First we should make sure to really explore/unterstand our data. How many observations are there? How many different variables (features) are there? What is the scale of the outcome (here we focus on life satisfaction)? What are the averages etc.? What kind of units are in your dataset?

#nrow(data)
#ncol(data)
dim(data)
[1] 1977  346
# str(data)
# glimpse(data)
# skimr::skim(data)

Also always inspect summary statistics for both numeric and categorical variables to get a better understanding of the data. Often such summary statistics will also reveal (coding) errors in the data. Here we take a subset because the are too many variables (>250).

Q: Does anything strike you as interesting the two tables below?

library(modelsummary)
data_summary <- data %>%
select(life_satisfaction, unemployed_active, unemployed, education, age)
datasummary_skim(data_summary, type = "numeric", output = "html")
Unique (#) Missing (%) Mean SD Min Median Max
life_satisfaction 12 10 7.0 2.2 0.0 8.0 10.0
unemployed_active 2 0 0.0 0.2 0.0 0.0 1.0
unemployed 2 0 0.0 0.1 0.0 0.0 1.0
education 8 1 3.1 1.9 0.0 3.0 6.0
age 76 0 49.5 18.7 16.0 50.0 90.0
# datasummary_skim(data_summary, type = "categorical", output = "html")

The table() function is also useful to get an overview of variables. Use the argument useNA = "always" to display potential missings.

table(data$life_satisfaction, useNA = "always")  0 1 2 3 4 5 6 7 8 9 10 <NA> 34 14 43 50 76 170 170 324 465 213 213 205  table(data$education, data$life_satisfaction, useNA = "always")  0 1 2 3 4 5 6 7 8 9 10 <NA> 0 8 5 8 3 5 24 23 28 33 12 23 26 1 2 0 3 3 11 17 16 35 32 15 22 19 2 16 5 13 16 25 54 46 56 99 40 41 43 3 4 3 12 12 20 26 30 59 96 47 45 42 4 1 1 3 6 6 25 21 50 69 32 28 29 5 1 0 1 4 1 9 12 32 42 16 14 11 6 2 0 2 5 8 15 21 63 91 50 40 33 <NA> 0 0 1 1 0 0 1 1 3 1 0 2 round(prop.table(table(data$education,
data$life_satisfaction, useNA = "always")),2)  0 1 2 3 4 5 6 7 8 9 10 <NA> 0 0.00 0.00 0.00 0.00 0.00 0.01 0.01 0.01 0.02 0.01 0.01 0.01 1 0.00 0.00 0.00 0.00 0.01 0.01 0.01 0.02 0.02 0.01 0.01 0.01 2 0.01 0.00 0.01 0.01 0.01 0.03 0.02 0.03 0.05 0.02 0.02 0.02 3 0.00 0.00 0.01 0.01 0.01 0.01 0.02 0.03 0.05 0.02 0.02 0.02 4 0.00 0.00 0.00 0.00 0.00 0.01 0.01 0.03 0.03 0.02 0.01 0.01 5 0.00 0.00 0.00 0.00 0.00 0.00 0.01 0.02 0.02 0.01 0.01 0.01 6 0.00 0.00 0.00 0.00 0.00 0.01 0.01 0.03 0.05 0.03 0.02 0.02 <NA> 0.00 0.00 0.00 0.00 0.00 0.00 0.00 0.00 0.00 0.00 0.00 0.00 Finally, there are some helpful functions to explore missing data included in the naniar package. Here we do so for a subset of variables. Can you decode those graphs? What do they show? (for publications the design would need to be improved) vis_miss(data %>% select(life_satisfaction, unemployed_active, unemployed, education, age)) gg_miss_upset(data %>% select(life_satisfaction, unemployed_active, unemployed, education, age), nsets = 10, nintersects = 10)  ## 9.3 Exploring potential predictors A correlation matrix can give us first hints regarding important predictors. • Q: Can we identify anything interesting? plot_correlation(data %>% dplyr::select(life_satisfaction, female, age, unemployed, internet_use_time, religion), cor_args = list("use" = "pairwise.complete.obs")) ## 9.4 Building a first linear ML model Below we estimate a simple linear machine learning model only using one split into training and test data. Beforehand we extract the subset of individuals for whom our outcome life_satisfaction is missing, store them data_missing_outcome and delete those individuals from the actual dataset data. # Extract data with missing outcome data_missing_outcome <- data %>% filter(is.na(life_satisfaction)) dim(data_missing_outcome) [1] 205 346 # Omit individuals with missing outcome from data data <- data %>% drop_na(life_satisfaction) # ?drop_na dim(data) [1] 1772 346 Then we split the data into training and test data. # Split the data into training and test data data_split <- initial_split(data, prop = 0.80) data_split # Inspect <Training/Testing/Total> <1417/355/1772> # Extract the two datasets data_train <- training(data_split) data_test <- testing(data_split) # Do not touch until the end! Subsequently, we estimate our linear model based on the training data. Below we just use 3 predictors: # Fit the model fit1 <- linear_reg() %>% # linear model set_engine("lm") %>% # define lm package/function set_mode("regression") %>%# define mode fit(life_satisfaction ~ unemployed + age + education, # fit the model data = data_train) # based on training data fit1 parsnip model object Call: stats::lm(formula = life_satisfaction ~ unemployed + age + education, data = data) Coefficients: (Intercept) unemployed age education 6.653962 -1.363026 -0.003673 0.197203   # summary(fit1$fit) # Access fit within the object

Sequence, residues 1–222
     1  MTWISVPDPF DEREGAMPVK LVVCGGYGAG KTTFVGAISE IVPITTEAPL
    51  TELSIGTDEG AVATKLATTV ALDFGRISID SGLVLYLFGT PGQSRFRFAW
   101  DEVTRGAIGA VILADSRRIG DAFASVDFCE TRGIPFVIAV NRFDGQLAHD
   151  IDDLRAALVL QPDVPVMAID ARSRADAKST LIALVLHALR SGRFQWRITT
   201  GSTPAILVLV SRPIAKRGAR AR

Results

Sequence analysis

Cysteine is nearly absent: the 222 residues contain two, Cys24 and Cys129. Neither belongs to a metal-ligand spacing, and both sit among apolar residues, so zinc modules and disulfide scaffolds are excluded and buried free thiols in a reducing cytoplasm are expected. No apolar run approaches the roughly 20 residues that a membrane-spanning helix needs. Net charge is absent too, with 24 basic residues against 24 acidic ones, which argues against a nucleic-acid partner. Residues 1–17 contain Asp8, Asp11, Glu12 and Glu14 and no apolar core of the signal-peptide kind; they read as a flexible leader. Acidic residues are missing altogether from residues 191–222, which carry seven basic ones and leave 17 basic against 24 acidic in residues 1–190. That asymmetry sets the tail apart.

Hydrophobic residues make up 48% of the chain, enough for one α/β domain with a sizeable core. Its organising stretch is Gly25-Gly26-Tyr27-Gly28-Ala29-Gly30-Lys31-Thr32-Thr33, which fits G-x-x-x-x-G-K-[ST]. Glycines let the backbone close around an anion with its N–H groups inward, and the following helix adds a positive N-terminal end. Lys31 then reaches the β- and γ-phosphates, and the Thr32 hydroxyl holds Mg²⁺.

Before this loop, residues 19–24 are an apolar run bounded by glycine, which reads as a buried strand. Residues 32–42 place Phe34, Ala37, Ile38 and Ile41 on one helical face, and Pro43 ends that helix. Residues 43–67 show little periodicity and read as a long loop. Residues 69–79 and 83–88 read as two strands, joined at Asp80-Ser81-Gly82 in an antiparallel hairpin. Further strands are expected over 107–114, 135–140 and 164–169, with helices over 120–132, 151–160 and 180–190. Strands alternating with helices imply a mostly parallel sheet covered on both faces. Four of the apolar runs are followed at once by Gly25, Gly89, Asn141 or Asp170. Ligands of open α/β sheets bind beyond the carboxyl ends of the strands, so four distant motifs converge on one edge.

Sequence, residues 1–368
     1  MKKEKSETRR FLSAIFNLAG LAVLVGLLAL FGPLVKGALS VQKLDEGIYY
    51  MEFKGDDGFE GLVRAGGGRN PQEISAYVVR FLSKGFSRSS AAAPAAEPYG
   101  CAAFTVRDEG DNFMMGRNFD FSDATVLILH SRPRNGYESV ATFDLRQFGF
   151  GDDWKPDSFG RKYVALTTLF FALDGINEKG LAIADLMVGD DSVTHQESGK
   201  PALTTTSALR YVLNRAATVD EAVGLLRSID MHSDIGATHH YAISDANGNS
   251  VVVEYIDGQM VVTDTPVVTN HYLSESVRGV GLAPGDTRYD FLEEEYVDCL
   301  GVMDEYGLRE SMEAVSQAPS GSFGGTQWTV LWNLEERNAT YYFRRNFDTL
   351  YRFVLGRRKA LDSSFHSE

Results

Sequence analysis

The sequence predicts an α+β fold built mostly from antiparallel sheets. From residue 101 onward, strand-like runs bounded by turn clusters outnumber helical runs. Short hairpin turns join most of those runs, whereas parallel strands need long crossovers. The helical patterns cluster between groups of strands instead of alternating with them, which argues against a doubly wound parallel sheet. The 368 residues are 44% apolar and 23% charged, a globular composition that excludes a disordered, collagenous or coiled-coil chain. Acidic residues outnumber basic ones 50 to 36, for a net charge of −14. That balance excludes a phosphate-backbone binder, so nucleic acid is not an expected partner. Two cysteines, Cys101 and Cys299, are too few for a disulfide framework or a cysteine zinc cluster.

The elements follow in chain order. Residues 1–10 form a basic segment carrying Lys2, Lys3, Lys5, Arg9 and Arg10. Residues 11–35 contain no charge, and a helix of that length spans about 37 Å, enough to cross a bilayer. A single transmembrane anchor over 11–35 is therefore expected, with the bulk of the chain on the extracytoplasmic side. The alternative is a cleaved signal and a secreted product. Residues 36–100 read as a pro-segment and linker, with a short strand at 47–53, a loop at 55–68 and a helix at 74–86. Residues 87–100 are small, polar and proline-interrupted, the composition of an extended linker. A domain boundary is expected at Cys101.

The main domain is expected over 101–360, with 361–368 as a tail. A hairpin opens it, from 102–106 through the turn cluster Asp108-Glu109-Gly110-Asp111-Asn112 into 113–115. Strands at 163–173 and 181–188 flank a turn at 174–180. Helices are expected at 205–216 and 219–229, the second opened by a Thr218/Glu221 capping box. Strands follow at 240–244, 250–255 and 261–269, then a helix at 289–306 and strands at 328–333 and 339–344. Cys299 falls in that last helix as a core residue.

Then, we predict our outcome in the training data and evaluate the accuracy in the training data.

# Training data: Add predictions